On Tisha B'Av we mourn the loss of the Beis Hamikdash - the Temple in
Yerushalayim, and we pine for its rebuilding. What is the Beis Hamikdash? What
is missing from the world as a result of its absence? Even with its loss, do
we not live in a relatively benign exile? And then again, why mourn at all?
Would it not be better to let time heal our wounds and forgetfulness to
erase bitter memories?
Two qualities are often cited as comprising the core of Judaism: love and comprehension. Concerning love, the Talmud 1 states, "'Love your fellow as yourself' - this is whole Torah, the rest is commentary." As for understanding, we pray every day in the Amida: "Grant us from Yourself wisdom, understanding and intelligence." The Rambam writes 2 "kol hispa'alus ra" - all impressibility is evil. The Rambam directs us to take control our lives, to be autonomous and not to be misled.
The Gemara 3teaches us that the Beis Hamikdash was destroyed as a result of the absence of these primary qualities. The Gemara explains that at the time of the destruction there prevailed a spirit of baseless hatred and foolishness. The existence of the Shechina - the Divine Presence, in the physical structure of the Beis Hamikdash was merely a manifestation of Hashem's presence in our own lives. When harmony and uprightness prevailed, the Shechina rested upon us and was tangibly present on Har Tzion (Mount Zion). However when fractiousness and one-upmanship became the currency of the time, the Shechina departed from the Jews and from Eretz Yisrael. The Temple became an empty shell, crushed by the megalomania of the Roman Empire.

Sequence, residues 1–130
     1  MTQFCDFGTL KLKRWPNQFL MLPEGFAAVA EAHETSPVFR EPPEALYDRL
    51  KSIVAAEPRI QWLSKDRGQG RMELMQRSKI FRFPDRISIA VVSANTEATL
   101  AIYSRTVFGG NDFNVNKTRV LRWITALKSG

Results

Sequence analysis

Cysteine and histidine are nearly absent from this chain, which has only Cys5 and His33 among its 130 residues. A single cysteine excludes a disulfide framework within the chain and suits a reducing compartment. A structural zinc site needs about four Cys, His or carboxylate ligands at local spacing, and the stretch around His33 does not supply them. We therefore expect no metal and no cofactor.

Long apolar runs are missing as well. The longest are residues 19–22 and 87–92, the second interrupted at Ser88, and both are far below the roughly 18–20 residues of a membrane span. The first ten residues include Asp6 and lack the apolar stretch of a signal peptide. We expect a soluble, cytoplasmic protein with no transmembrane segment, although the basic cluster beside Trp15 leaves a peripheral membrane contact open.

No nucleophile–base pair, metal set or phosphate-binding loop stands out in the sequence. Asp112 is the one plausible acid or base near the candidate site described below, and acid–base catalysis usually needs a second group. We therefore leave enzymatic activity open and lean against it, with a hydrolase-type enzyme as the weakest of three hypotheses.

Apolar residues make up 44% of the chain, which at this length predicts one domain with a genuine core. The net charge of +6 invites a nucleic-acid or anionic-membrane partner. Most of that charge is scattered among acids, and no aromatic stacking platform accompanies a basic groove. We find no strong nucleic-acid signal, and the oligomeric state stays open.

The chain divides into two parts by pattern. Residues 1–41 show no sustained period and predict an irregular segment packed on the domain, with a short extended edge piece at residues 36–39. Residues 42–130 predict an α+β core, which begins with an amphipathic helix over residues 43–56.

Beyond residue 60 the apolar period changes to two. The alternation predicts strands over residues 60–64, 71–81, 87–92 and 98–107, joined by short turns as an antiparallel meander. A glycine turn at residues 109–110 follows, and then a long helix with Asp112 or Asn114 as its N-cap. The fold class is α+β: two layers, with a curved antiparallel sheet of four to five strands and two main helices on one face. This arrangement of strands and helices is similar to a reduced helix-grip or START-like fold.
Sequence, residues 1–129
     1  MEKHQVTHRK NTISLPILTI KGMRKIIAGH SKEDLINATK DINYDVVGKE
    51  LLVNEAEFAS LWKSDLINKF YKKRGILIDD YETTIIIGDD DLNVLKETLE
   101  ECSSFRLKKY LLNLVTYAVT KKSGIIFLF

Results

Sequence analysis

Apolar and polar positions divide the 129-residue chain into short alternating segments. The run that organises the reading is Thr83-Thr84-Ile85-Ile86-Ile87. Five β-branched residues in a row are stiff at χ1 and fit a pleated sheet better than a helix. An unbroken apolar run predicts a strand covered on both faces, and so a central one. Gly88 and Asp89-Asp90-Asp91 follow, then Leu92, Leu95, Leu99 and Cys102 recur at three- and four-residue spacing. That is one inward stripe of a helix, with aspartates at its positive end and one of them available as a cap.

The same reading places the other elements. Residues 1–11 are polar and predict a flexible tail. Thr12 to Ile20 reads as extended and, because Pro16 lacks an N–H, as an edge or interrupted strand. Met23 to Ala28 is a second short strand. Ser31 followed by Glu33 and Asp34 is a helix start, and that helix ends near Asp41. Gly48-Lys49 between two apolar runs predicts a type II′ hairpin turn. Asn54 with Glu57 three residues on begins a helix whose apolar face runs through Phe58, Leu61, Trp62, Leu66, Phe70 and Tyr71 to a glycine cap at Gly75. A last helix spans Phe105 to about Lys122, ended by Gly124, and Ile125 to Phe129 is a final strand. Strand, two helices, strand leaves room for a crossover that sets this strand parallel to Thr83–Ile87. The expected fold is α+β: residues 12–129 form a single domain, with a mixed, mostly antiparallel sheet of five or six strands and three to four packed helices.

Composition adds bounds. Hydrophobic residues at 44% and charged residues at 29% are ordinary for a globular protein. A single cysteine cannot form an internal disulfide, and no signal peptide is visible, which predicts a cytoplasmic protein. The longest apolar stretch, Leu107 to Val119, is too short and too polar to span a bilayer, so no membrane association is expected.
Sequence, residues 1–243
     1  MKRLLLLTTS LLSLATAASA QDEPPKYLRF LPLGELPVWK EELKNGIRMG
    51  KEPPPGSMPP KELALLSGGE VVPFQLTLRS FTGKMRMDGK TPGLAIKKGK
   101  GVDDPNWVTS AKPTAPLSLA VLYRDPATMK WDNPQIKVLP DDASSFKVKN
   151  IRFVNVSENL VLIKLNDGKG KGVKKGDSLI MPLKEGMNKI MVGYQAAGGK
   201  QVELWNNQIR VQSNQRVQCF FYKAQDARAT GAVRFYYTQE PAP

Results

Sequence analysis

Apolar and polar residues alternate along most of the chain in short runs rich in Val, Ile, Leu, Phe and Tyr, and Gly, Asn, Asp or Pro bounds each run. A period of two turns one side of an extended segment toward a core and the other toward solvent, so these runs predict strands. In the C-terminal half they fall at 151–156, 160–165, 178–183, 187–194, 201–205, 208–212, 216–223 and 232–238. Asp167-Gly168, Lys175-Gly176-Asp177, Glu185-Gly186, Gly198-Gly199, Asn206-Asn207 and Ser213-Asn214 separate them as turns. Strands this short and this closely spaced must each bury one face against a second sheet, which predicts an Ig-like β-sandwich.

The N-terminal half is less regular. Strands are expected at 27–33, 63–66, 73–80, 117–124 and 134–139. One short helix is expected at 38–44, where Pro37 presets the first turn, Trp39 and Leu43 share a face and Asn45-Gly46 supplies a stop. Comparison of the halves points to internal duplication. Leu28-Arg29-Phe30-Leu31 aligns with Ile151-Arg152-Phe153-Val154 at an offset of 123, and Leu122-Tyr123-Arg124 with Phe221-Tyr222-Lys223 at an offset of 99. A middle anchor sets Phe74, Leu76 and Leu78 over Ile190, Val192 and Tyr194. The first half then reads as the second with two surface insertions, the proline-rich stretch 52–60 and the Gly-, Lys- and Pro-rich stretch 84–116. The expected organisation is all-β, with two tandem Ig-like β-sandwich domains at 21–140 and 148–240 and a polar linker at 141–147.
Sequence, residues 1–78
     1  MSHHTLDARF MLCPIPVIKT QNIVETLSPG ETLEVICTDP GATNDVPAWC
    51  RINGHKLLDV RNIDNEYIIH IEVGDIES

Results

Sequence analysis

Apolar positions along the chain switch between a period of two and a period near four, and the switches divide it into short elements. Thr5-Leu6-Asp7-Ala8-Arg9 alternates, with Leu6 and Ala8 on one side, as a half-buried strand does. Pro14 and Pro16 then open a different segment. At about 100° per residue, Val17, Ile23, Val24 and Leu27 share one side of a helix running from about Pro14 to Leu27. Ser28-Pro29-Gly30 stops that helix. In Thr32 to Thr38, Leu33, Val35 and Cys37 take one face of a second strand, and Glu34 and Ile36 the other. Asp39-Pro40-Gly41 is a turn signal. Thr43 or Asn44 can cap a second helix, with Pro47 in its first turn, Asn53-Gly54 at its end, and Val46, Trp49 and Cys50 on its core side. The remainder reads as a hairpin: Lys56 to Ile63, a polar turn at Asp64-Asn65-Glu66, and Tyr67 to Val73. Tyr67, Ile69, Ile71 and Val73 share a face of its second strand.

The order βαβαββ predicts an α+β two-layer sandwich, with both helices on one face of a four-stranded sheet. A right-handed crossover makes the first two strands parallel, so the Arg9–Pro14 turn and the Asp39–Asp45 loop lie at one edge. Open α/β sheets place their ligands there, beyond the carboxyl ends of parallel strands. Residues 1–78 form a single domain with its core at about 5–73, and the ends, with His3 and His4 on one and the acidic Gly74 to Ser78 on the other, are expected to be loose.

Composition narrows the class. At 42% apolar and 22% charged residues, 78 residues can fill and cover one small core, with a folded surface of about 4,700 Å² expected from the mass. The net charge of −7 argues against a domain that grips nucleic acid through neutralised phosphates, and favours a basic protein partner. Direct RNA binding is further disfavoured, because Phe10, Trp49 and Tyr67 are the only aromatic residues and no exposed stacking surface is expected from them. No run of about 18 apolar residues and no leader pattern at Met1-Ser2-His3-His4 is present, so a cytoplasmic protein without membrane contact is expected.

When we grieve over the destruction of the Temple, we do not only mourn its physical absence. We also mourn the negativity that was the cause of the destruction and that still exists within our own lives. The purpose of Tisha B'Av is not to become depressed, but is rather to become rejuvenated and invigorated. This is a day on which we strengthen our grasp of reality and on which we become determined to increase the intimacy in our personal lives and to develop brotherhood within the community. By doing this we rebuild the Beis Hamikdash within ourselves and we bring closer the final Geulah (redemption) and the rebuilding of the Beis Hamikdash in Yerushalayim.
1 Shabbos 31a.
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